Top 10 Fashion Brands That Still Use Sweatshops

A workplace having poor working conditions hazardous to physical and mental health of the illegally employed, underpaid and forced women & child laborers is called a sweatshop.

What Are Sweatshops?

Zara, famous fast-fashion retailer, sources most of its products from sweatshops located in Turkey, Istanbul where the women and child laborers are underpaid and sexually exploited.


Nike, the most prominent sports brand has been under constant scrutiny for child labor and hazardous working conditions in its sweatshops in Vietnam and Hansae.


Skechers, a sports brand having sweatshops in China, Vietnam, and Cambodia, is also accused of the sweatshop on wheels culture where the truck drivers are underpaid and abused.


H&M, an infamous Swedish fast fashion brand has sweatshops in Bangladesh & Myanmar where women, children, and teens all are employed for long laborious hours with less than minimum wages.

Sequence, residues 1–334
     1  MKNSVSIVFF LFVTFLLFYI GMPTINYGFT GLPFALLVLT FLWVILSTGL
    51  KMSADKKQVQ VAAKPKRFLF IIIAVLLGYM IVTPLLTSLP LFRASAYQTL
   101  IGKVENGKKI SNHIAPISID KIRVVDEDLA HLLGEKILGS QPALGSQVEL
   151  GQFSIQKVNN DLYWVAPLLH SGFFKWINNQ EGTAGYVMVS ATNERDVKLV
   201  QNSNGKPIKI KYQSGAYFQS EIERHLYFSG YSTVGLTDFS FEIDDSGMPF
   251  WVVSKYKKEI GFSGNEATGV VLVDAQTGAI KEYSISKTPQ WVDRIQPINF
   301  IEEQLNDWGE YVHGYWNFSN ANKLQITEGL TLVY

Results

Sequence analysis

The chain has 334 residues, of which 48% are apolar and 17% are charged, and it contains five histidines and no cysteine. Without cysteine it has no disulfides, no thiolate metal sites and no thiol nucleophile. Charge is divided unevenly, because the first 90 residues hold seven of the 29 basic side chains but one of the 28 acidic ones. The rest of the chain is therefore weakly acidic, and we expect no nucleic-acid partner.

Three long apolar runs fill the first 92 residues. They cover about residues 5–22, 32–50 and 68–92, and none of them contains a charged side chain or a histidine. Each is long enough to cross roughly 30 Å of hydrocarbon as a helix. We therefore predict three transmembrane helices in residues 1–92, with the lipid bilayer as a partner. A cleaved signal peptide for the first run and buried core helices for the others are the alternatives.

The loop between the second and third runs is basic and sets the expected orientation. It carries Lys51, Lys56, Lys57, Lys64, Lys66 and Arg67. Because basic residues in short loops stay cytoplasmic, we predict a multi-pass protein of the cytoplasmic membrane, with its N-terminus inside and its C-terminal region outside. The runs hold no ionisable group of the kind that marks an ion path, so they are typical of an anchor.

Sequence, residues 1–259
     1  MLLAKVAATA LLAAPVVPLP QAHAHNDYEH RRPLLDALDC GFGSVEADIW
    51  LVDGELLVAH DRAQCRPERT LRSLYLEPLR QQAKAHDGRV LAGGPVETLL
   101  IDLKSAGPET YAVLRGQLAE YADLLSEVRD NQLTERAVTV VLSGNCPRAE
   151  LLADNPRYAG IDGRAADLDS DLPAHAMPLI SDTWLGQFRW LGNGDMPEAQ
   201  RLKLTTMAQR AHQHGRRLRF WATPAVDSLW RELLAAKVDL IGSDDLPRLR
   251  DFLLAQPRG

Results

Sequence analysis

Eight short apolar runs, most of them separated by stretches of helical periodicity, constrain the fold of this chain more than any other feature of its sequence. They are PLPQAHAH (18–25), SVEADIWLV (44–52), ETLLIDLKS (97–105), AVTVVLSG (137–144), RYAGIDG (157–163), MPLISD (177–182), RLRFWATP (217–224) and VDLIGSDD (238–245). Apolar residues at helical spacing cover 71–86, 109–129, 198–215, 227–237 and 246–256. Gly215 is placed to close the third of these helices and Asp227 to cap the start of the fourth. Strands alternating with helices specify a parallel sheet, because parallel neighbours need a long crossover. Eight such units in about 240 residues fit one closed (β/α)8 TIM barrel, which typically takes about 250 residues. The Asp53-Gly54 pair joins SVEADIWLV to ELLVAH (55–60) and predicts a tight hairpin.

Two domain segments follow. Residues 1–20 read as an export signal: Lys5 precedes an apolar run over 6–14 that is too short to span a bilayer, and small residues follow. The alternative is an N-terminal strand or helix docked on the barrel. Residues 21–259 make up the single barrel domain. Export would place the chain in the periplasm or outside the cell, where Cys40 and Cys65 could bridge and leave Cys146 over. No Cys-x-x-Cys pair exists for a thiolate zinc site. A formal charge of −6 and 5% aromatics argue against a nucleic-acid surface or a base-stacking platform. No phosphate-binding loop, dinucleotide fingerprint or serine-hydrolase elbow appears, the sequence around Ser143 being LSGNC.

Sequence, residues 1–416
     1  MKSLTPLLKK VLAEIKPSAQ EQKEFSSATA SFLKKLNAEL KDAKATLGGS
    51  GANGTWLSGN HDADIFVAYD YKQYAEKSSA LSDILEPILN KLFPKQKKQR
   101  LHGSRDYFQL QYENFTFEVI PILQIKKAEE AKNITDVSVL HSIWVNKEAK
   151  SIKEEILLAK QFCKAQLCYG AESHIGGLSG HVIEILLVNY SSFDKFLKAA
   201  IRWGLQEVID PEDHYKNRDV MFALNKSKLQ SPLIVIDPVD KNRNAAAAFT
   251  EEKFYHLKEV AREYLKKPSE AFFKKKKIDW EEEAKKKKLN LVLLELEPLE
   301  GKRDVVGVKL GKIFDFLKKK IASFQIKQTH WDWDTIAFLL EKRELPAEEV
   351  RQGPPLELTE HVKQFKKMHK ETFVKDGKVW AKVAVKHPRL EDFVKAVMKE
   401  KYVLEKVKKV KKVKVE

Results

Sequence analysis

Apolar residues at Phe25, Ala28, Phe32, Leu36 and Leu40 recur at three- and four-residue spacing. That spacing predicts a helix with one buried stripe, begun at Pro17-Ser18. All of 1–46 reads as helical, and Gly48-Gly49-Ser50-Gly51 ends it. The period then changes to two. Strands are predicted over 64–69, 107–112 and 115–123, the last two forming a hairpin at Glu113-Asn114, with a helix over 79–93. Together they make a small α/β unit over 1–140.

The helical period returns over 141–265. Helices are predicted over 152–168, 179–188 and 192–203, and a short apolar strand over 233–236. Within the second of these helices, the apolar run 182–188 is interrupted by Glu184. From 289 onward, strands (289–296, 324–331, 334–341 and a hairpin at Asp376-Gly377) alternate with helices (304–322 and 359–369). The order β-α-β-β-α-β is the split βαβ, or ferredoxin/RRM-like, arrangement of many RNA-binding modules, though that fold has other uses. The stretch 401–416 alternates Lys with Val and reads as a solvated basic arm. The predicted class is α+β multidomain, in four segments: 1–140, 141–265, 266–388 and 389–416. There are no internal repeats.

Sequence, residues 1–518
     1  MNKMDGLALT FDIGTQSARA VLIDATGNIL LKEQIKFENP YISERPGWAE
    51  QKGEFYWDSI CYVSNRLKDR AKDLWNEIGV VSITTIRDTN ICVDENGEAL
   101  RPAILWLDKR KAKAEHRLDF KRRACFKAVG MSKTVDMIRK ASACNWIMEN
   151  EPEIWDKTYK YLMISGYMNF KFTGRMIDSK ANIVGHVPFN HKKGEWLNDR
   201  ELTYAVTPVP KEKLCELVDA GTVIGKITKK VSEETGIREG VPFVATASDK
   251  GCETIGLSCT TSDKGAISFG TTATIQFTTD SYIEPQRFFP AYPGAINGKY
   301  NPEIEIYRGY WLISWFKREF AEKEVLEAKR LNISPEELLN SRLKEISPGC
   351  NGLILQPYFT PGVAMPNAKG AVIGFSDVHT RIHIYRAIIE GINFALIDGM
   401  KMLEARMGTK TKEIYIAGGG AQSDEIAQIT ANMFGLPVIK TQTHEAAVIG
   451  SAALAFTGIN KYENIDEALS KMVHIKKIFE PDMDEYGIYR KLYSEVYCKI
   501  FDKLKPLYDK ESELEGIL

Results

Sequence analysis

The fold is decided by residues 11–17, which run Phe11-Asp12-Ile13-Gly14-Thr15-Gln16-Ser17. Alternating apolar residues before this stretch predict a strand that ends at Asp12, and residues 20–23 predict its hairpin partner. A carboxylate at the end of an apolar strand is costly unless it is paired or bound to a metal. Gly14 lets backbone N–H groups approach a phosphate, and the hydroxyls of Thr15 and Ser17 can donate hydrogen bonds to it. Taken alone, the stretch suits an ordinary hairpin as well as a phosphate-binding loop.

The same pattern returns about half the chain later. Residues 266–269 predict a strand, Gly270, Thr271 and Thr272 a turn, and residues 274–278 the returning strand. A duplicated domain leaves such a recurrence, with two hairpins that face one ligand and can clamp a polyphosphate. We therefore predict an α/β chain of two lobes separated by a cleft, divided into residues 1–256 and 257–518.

GAP, a very popular American apparel fast fashion company has its sweatshops in Bangladesh, India, Cambodia, Sri Lanka, and Indonesia where underpayment and sexual harassment is reported.


Adidas has been using sweatshops that employ child and women labor that is underpaid and harassed. However it is outgrowing the culture by practicing more sustainability towards its labor.


The Kids’ favorite Disney is unfortunately one of the perpetrators involved in the sweatshop culture. It has its sweatshops in China, where the laborers put in extra working hours regularly.


This luxury brand for women’s nightwear, and beauty products has sweatshops in Jordan, Bangladesh and Sri Lanka where women and children are physically and sexually assaulted.

Victoria's Secret

Forever 21, a popular fast-fashion brand, has been reported to employ child labor in Uzbekistan and pay very low wages to its workers who work for long hours without compensation.

Forever 21

Aeropostale, an apparel & accessories retailer, has sweatshops in Sri Lanka and Vietnam. It has chosen to remain silent on Uzbek Government’s controversial policy on cotton.